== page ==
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Review: Corsair 7000D Airflow

by Parm Mann on 1 July 2021, 14:01

Tags: Corsair

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It is literally turning out to be a big week for Corsair. Having launched its largest all-in-one cooler to date, the iCue H170i Elite Capellix, the firm is also rolling out a suitable enclosure for such expansive hardware in the form of the super-sized 7000 Series.

This full-tower behemoth is being made available in glass-laden RGB and mesh-covered airflow variations, each in a choice of black or white, and is designed first and foremost to offer massive cooling potential. We're talking room for three 360mm or two 420mm radiators, or even a 480mm if you have the urge, and there's no need to be modest; we know many of you have more PC fans than you let on.

Our £240 7000D Airflow review unit is really quite striking, with a full-height glass side panel providing a monolithic look that demands attention in any room. We don't see many full-tower solutions these days, and the huge 600mm (H) x 248mm (W) x 550mm (L) form factor represents a significant step-up in size from Corsair's existing mid-tower sibling, the 5000D. If you crave extra room to build with, the 7000D touts almost a 25 per cent increase in overall volume.

It's a giant alright, yet Corsair does well to maintain a familiar design language across the range. The 4000D, 5000D and 7000D are all instantly recognisable, and each comes across as clean and modern, with sleek lines, elegant mesh panelling and good symmetry throughout. Despite being blown-up to these proportions, the 7000D remains an attractive piece of kit.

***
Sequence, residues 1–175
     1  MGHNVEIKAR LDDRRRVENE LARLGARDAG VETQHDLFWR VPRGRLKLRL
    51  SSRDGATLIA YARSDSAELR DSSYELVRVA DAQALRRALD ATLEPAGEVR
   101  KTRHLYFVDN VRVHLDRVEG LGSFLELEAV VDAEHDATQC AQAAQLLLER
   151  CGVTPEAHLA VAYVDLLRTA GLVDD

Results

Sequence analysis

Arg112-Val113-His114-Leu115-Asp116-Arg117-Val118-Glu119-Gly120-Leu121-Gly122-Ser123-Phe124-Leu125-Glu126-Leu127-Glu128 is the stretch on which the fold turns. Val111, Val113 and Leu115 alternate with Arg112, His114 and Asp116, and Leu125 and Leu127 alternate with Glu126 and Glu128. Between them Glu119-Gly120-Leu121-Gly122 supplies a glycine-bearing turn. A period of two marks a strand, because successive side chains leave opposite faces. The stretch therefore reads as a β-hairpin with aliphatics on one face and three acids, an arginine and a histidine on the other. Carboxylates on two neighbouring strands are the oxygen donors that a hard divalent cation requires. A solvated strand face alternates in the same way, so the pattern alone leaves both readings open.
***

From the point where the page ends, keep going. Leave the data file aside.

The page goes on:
Corsair's large doors swing open to provide easy access and convey a high-quality feel, as do the metal top and front covers, however you will notice less rigidity in other areas. Plastic elements such as the front bezel have extended to such lengths that they naturally exhibit a bit of flex, and there are other elements that feel economical. The removable Perspex window on the side of the PSU shroud is lightweight and has a tendency to rattle about, and on an all-black case as bold as this, we're saddened to see the paint on our review sample beginning to flake across the top inner edge. Here's hoping that's an isolated issue.

In use, the 7000D mirrors a lot of the design and functionality of the smaller 5000D, albeit with more of just about everything. That includes the I/O panel, which has been upgraded to include a USB 3.1 Type-C, four USB 3.0 ports, and a combination audio jack between the customary power and reset buttons. A healthy selection, though do be sure your motherboard has all the required USB front panel connectors; one for the Type-C, and two for the Type-A.

On the inside, the enclosure feels nothing short of cavernous. A regular ATX board appears insignificant inside the belly of this beast, and we're of the opinion the 7000D works best when stripped-down to reveal every nook and cranny. The cable cover to the right of the motherboard tray is easily removed, as are the two three-bay drive cages at the end of the PSU shroud, and in keeping with the 5000D, Corsair includes an L-shaped accessory as part of the bundle that allows said shroud to be cut short in order to fully expose every available fan mount.